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I already asked, how I can parse single words from a stream into variables, and that works perfectly, but I don't know how many words the user will give as input. I thought I could parse it into a dynamic array, but I don't know where to start. How can I write "for each word in line"?

This is how I parse the words into the vars:

string line;
getline( cin, line );
istringstream parse( line );
string first, second, third;
parse >> first >> second >> third;

Thanks!

EDIT: Thanks to all of you, I think I get it know... and it works!

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You can keep popping it out to a temp variable and pushing that onto a vector. –  chris May 22 '12 at 11:08

4 Answers 4

up vote 5 down vote accepted

You could use std::vector<std::string> or std::list<std::string> -- they handle the resizing automatically.

istringstream parse( line ); 
vector<string> v;
string data; 
while (parse >> data) {
  v.push_back(data);
}
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Ok, i really like Alexander Bakulins answer, because I understand it right away, but I think there is a reason why you guys recommend vector and push_back. Could you explain it? I haven't worked with vector before –  mohrphium May 22 '12 at 11:14
    
@mohrphium, A vector is a dynamic array that does the memory management for you. –  chris May 22 '12 at 11:16
    
@mohrphium - if you can process the element right away (so you don't need to store it) Alexander's answer works fine. You were asking about storing the extracted values. The STL collections are suggested over raw arrays as they handle the heavy lifing for you by doing the memory management (e.g. resizing) automatically and well. You can even have bounds checking if you want (e.g. using the at() function); or just use iterators. Since you are writing programs in C++, you should learn the features of the language -- especially the STL - it will make life much easier for you in the long run –  Attila May 22 '12 at 12:05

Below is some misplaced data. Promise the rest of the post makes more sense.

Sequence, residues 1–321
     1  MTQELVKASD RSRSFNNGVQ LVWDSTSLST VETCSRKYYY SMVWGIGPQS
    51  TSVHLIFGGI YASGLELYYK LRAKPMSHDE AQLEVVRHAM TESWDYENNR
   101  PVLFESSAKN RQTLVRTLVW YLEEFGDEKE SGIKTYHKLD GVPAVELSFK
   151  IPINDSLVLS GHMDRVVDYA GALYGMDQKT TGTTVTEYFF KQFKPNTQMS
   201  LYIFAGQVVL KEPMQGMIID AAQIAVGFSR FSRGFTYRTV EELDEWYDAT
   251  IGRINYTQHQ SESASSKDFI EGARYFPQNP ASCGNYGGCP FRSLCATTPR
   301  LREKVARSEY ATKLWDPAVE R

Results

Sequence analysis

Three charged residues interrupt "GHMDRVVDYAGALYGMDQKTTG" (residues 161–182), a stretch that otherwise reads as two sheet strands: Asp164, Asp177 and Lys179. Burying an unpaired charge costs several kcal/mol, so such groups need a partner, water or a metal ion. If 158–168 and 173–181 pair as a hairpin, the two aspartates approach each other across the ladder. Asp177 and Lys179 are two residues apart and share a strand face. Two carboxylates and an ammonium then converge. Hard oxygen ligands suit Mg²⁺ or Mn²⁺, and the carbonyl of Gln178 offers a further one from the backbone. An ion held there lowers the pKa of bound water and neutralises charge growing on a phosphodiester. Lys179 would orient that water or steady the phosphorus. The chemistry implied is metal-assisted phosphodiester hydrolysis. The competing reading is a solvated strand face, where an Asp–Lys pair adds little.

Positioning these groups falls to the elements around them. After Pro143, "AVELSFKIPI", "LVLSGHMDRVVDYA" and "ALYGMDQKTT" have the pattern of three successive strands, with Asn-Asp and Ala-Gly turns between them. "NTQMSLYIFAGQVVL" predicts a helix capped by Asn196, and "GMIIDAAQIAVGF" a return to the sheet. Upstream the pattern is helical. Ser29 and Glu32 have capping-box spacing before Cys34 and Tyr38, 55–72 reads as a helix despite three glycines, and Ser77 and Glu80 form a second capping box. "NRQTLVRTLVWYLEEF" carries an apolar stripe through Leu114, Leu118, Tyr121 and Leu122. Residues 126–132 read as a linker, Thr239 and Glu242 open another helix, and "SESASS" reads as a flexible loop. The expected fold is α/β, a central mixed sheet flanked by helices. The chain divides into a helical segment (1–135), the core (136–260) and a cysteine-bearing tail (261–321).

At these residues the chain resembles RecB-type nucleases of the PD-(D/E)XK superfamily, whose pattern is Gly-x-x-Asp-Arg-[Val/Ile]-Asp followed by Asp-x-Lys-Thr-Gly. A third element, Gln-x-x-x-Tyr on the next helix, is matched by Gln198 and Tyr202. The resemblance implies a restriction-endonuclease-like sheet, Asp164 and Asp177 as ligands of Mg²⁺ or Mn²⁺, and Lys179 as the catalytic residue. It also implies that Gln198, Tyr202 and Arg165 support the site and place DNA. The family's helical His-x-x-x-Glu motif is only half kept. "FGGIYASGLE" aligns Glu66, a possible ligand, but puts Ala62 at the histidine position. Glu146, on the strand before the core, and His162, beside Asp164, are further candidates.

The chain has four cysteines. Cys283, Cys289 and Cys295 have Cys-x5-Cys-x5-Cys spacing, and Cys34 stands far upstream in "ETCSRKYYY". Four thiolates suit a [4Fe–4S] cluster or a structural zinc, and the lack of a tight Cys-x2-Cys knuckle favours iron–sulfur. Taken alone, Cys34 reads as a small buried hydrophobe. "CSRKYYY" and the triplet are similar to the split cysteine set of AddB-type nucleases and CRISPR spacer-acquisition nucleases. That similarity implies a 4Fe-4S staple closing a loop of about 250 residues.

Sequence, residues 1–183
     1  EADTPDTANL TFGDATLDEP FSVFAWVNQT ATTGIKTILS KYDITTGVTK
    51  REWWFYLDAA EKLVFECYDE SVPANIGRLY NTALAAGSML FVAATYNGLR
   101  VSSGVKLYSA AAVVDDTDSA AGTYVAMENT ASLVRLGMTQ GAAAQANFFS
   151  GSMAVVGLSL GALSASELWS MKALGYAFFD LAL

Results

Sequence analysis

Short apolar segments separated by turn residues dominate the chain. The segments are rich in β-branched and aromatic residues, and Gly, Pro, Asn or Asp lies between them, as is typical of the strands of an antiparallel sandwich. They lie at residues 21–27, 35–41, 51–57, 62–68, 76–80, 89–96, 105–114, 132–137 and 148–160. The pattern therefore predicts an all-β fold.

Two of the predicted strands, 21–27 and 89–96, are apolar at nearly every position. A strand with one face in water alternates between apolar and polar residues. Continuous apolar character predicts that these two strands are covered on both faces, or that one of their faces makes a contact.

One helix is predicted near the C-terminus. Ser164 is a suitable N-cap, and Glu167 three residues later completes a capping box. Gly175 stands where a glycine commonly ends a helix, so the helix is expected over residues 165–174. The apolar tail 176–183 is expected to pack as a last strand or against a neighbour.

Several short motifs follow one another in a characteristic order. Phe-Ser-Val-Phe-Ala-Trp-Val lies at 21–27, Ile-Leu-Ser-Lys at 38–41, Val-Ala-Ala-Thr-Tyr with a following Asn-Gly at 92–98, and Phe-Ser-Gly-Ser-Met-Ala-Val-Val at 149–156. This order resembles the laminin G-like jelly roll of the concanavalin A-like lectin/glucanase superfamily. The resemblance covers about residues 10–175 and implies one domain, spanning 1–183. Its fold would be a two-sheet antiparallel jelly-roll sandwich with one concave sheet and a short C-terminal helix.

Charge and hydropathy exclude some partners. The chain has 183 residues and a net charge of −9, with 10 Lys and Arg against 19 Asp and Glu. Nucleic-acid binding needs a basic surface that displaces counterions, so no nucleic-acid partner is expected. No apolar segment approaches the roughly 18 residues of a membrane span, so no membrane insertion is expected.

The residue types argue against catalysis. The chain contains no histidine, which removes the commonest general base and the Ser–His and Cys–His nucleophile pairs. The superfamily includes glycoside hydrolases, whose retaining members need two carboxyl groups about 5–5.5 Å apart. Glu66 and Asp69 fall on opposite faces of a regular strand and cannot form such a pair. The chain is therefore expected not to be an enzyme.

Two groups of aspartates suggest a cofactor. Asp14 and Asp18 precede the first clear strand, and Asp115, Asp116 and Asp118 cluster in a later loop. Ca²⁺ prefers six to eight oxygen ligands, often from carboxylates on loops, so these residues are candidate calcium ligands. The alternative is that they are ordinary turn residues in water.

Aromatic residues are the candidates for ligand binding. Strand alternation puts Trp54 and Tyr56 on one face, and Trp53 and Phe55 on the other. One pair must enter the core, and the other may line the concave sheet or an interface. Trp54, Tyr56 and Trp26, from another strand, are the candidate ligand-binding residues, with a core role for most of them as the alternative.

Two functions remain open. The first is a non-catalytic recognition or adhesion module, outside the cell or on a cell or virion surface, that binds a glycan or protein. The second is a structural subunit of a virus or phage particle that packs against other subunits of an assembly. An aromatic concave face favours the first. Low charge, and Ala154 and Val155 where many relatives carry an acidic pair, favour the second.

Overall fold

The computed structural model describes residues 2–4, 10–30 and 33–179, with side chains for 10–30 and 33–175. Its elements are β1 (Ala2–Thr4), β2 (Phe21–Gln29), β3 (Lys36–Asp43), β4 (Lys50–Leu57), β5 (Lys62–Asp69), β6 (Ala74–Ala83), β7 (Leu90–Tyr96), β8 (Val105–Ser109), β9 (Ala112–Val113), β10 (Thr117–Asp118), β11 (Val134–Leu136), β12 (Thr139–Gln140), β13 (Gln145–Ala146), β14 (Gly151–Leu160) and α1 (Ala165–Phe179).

A possibility would be to use std::vector with istream_iterator:

#include <iostream>
#include <sstream>
#include <vector>
#include <iterator>
#include <algorithm>

int main()
{
    std::istringstream in(std::string("a line from file"));

    std::vector<std::string> words;
    std::copy(std::istream_iterator<std::string>(in),
              std::istream_iterator<std::string>(),
              std::back_inserter(words));

    return 0;
}

The vector will grow as required to store whatever number of words is provided by the user.

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I understood Atilas answer, but I don't quite get the iterator stuff.. what does it do? –  mohrphium May 22 '12 at 11:23
    
@mohrphium, if you click on the link in the answer it will give a full description. –  hmjd May 22 '12 at 11:27
    
@mohrphium perhaps start with wiki article, it'll explain about what iterators are. –  jrok May 22 '12 at 11:29
    
Thank you, once again! –  mohrphium May 22 '12 at 11:40

You can write as follows:

string line;
getline( cin, line );
istringstream parse( line );
string word;
while (parse >> word)
    // do something with word
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Since you tagged the question with foreach, here's a way to do it with with standard for_each algorithm and C++11 lambdas:

#include <string>
#include <sstream>
#include <iostream>
#include <algorithm> // for for_each
#include <vector>    // vector, obviously
#include <iterator>  // istream_iterator
using namespace std;

int main()
{
    string line;
    vector<string> vec;
    getline(cin, line);

    istringstream parse(line);

    for_each(
        istream_iterator<string>(parse),
        istream_iterator<string>(),

        // third argument to for_each is a lambda function
        [](const string& str) {
             // do whatever you want with/to the string
             vec.push_back(str);  // push it to the vector
        }
    );
 }

A vector is exactly what you asked for - a dynamically resizable array that you should almost always prefer over C-style arrays. It's size need not to be known at compile time.

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